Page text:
"Me," I say to him. "Me. Me." I hold my hands up encouraging him to do whatever he needs to do. If he shoots me, well, I guess bullets enter and hopefully exit my chest, but if the young Nigga thinks I'm getting pistol whupped in front of a cemetery and my girlfriend off of State Street, I'm convinced I'm going to take the gun and beat him into a burnt cinnamon roll.
The boy places his gun on my chest and keeps looking back and forth to the car.
I feel a strange calm, an uncanny resolve. I don't know what's wrong with me. He's patting me down for money that I don't have since we hadn't gotten our work-study checks yet and I just spent my last little money on two veggie subs from Subway and two of those large Chocolate Chip cookies.
The young brother keeps looking back to the car, unsure what he's supposed to do. Shonda and her friends are screaming when he takes the gun off my chest and trots goofily back to the car.
I don't know what's wrong with him but a few months later, I have a gun.
A partner of mine hooks me up with a partner of his who lets me hold something. I get the gun not only to defend myself from goofy brothers in red Corollas trying to rob folks for work-study money. I guess I'm working on becoming a black writer in Mississippi and some folks around Millsaps College don't like the essays I'm writing in the school newspaper.
A few weeks earlier, George Harmon, the President of Millsaps, shuts down the campus paper in response to a satirical essay I wrote on communal masturbation and sends a letter to over 12,000 overwhelmingly white Millsaps students, friends and alumnae. The letter states that the "Key Essay in question was written by Kiese Laymon, a controversial writer who consistently editorializes on race issues."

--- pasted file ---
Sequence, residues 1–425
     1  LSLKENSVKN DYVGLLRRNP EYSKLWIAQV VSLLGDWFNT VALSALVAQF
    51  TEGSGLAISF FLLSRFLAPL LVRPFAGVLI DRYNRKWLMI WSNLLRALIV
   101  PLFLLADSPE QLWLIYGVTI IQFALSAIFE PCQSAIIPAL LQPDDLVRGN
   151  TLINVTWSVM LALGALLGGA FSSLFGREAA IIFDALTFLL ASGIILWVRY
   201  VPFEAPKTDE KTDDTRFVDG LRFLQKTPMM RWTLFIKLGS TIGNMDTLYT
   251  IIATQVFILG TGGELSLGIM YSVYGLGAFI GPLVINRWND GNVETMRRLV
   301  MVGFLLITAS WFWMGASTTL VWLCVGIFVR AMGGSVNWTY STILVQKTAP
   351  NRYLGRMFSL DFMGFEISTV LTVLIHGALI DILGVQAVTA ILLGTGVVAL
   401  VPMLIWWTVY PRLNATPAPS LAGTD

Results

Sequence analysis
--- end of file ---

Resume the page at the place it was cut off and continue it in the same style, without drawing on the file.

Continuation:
After the President's letter goes out, my life kinda hurts.
I receive a sweet letter in the mail with the burnt up ashes of my essays. The letter says that if I don't stop writing and give myself "over to right," my life would end up like the ashes of my writing.
The tires of my Mama's car are slashed when her car was left on campus. I'm given a single room after the Dean of Students thinks it's too dangerous for me to have a roommate. Finally, Greg Miller, an English Professor, writes an essay about how and why a student in his Liberal Studies class says, "Kiese should be killed for what he's writing." I feel a lot when I read those words, but mainly I wonder what's wrong with me.
It's bid day at Millsaps.
Shonda and I are headed to our jobs at Ton-o-Fun, a fake ass Chuck E. Cheese behind Northpark Mall. We're wearing royal blue shirts with a strange smiling animal and Ton-o-Fun on the left titty. The shirts of the other boy workers at Ton-o-Fun fit them better than mine. My shirt is tight in the wrong places and slightly less royal blue. I like to add a taste of bleach so I don't stank.
As we walk out to the parking lot of my dorm, the Kappa Alpha and Kappa Sigma fraternities are in front of our dorm receiving their new members. They've been up drinking all night. Some of them have on black face and others have on Afro wigs and Confederate capes.
We get close to Shonda's Saturn and one of the men says, "Kiese, write about this!" Then another voice calls me a "Nigger" and Shonda, a "Nigger bitch." I think and feel a lot but mostly I feel that I can't do anything to make the boys feel like they've made us feel right there, so I go back to my dorm room to get something.